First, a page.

Another thing you may not realize is that, although Amazon is a global company that sells and delivers products to many countries, Kindle Unlimited is a service only currently offered to customers in the United States. Which, if you already live here in the states, you may not see much of a problem with this; however, this does take away reading opportunities for millions of other readers around the world.

Remember how I mentioned above that books in the KU market are only allowed to be in the KU market? Well, the fact that the KU market itself is only catering to U.S.-based customers makes this even worse.

The more Kindle Unlimited grows in popularity and in quantity of books, the more and more it excludes global readers from participating in the membership program. And, of course this sucks for those readers that can’t read absolutely anything included in the KU market, but it also sucks for authors because, again, they can’t share their work with those avid e-book readers outside of the United States. And, you know, there’s a lot of ’em!

Kindle Unlimited Books Will Never Be on a Bestseller List

Listen up, because I’m about to tell you something that’s going to blow your mind…

Bestseller book lists (think USA Today, New York Times…) compile their lists based on book sales from multiple book retailers, online and otherwise. And, most of those lists require any best-selling book to be available for sale to readers through more than one book retailer to even be considered a best-seller. But, of course… books that are on the Kindle Unlimited retail market can only be on the Kindle Unlimited retail market, so they’re always going to be disqualified from bestseller book lists.

That being said, most of us authors don’t really pay attention to those lists at all (because they’re ridiculously difficult to get on) anyway, but it still sucks that, even if we were able to get enough readers to make a book a bestseller, we would never get the deserved recognition for it just because the book was only available on Kindle Unlimited. And that sucks, too!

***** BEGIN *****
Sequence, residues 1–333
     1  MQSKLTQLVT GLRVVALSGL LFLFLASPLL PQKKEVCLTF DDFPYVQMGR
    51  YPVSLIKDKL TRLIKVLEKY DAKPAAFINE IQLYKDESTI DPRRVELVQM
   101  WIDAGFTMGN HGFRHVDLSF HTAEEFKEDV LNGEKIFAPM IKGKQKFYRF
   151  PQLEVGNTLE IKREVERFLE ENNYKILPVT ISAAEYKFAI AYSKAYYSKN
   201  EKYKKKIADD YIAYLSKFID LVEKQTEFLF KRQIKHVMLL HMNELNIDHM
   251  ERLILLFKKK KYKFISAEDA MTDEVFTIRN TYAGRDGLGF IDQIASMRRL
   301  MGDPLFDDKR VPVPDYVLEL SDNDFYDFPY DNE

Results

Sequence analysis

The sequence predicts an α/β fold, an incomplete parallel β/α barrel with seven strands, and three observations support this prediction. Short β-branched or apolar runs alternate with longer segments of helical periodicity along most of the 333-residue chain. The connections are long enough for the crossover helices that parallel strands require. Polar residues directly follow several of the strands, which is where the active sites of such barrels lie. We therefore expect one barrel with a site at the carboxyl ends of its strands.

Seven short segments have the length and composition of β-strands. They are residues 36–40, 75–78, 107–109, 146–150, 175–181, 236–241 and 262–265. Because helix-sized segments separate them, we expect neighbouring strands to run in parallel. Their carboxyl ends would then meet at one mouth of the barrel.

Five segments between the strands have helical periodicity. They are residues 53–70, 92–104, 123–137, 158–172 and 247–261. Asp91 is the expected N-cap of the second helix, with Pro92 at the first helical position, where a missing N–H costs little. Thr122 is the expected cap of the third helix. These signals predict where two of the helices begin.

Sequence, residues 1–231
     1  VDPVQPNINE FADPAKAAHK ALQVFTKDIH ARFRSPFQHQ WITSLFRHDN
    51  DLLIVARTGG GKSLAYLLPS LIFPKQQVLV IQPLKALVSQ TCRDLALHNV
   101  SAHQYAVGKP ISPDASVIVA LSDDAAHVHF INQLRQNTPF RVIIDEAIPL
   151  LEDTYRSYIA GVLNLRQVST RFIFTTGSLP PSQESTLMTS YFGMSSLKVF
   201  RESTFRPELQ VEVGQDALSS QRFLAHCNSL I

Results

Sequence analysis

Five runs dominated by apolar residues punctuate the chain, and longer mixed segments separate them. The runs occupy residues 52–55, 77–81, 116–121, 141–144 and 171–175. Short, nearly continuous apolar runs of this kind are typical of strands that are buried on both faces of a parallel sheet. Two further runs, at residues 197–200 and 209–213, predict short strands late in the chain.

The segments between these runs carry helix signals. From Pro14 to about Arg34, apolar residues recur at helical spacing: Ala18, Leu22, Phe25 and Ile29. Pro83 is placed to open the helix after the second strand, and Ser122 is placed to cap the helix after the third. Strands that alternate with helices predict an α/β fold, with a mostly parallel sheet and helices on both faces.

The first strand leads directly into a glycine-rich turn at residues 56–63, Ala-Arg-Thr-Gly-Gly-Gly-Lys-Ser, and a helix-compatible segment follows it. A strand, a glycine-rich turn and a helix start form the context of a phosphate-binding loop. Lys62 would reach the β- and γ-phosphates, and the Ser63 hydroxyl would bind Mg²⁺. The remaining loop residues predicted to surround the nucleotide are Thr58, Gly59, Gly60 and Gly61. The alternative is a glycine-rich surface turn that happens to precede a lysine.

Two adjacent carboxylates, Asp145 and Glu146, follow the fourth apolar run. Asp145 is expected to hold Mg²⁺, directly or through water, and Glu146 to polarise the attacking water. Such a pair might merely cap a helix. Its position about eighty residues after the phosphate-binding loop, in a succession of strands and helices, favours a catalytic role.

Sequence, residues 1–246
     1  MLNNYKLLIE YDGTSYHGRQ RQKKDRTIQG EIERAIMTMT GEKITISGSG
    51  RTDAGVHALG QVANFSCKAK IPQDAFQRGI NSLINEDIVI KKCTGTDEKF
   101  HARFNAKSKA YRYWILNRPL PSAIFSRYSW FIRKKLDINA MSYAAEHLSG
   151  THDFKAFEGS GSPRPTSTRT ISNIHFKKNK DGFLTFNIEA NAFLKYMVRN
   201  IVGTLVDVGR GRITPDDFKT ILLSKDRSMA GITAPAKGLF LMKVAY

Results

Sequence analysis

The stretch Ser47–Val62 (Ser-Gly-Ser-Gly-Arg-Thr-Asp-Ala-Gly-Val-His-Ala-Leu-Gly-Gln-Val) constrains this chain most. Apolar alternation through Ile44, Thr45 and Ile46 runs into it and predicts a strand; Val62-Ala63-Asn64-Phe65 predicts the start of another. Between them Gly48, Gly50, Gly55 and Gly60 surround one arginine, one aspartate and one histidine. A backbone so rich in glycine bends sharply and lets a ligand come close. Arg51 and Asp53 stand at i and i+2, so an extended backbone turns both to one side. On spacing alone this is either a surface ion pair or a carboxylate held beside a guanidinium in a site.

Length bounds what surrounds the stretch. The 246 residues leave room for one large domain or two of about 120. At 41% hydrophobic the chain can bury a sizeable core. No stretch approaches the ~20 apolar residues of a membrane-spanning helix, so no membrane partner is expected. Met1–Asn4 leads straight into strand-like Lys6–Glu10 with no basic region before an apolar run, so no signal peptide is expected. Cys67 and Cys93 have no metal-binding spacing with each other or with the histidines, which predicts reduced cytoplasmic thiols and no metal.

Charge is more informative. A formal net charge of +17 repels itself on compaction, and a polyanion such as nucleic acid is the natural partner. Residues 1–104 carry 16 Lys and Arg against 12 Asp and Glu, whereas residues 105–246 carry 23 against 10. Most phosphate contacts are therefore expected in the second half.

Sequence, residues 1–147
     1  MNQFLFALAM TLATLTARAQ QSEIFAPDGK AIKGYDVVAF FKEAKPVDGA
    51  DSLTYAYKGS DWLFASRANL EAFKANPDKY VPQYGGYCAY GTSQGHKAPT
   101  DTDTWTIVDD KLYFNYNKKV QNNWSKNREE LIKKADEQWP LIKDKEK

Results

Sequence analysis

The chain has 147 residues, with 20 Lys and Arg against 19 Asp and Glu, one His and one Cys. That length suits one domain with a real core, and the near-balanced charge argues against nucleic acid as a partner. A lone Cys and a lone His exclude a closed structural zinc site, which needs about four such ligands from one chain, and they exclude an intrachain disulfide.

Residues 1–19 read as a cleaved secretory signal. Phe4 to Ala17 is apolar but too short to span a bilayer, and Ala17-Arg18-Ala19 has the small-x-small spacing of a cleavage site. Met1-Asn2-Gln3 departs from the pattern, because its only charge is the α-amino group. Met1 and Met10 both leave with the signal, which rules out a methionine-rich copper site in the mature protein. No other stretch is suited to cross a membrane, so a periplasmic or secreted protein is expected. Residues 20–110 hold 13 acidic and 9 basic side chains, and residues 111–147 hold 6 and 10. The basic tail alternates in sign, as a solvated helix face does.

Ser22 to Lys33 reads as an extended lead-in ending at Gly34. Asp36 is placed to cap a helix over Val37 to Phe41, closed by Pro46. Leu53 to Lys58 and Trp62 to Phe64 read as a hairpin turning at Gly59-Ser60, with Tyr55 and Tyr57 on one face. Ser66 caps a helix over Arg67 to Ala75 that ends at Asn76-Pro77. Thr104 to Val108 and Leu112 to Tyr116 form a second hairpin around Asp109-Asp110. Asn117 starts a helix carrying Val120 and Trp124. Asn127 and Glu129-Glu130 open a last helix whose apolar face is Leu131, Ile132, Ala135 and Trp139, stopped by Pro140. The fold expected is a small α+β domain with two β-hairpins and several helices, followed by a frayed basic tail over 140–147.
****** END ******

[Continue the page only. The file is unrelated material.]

Kindle Unlimited Does Not Pay Authors Well

Okay, last thing here, and I’m just gonna be upfront about it: Kindle Unlimited does not compensate authors for their work very well.

Authors who publish their books on the KU market are paid when readers complete a page of one of their books. And the amount paid per page read varies month by month (depending on how many total subscribers are currently enrolled in the KU program), but it usually averages out to around $0.004. Of course, this could add up as more pages are read, but most books actually only earn authors a total whopping $1.00 when a reader completes every single page. Now, compare that to most regularly priced e-books not on the Kindle Unlimited store (whether it be a non-Kindle Unlimited book on the Kindle Store or one on another online store, like Google Play) that are usually priced at $2.99 for a reader to buy/read the entire book/pages. That means books in Kindle Unlimited earn authors (on average, of course) 1/3 less money than those not in Kindle Unlimited.

So, even though the price of KU membership seems wonderfully reasonable for you as a reader at only $9.99 a month, this low fee also translates to low income for authors. And, yep, you know I’m gonna say it… that sucks.

Well, there you have it–the “deal” with Kindle Unlimited from an author’s perspective.

Now, I’m not going to draw any conclusions for you dear readers, because I want you to really decide for yourself if KU is worth paying for monthly… and, besides that, I definitely don’t want to persuade anybody to jump away from their current KU membership because there are still plenty of authors with Kindle Unlimited books that do deserve amazing readers like you!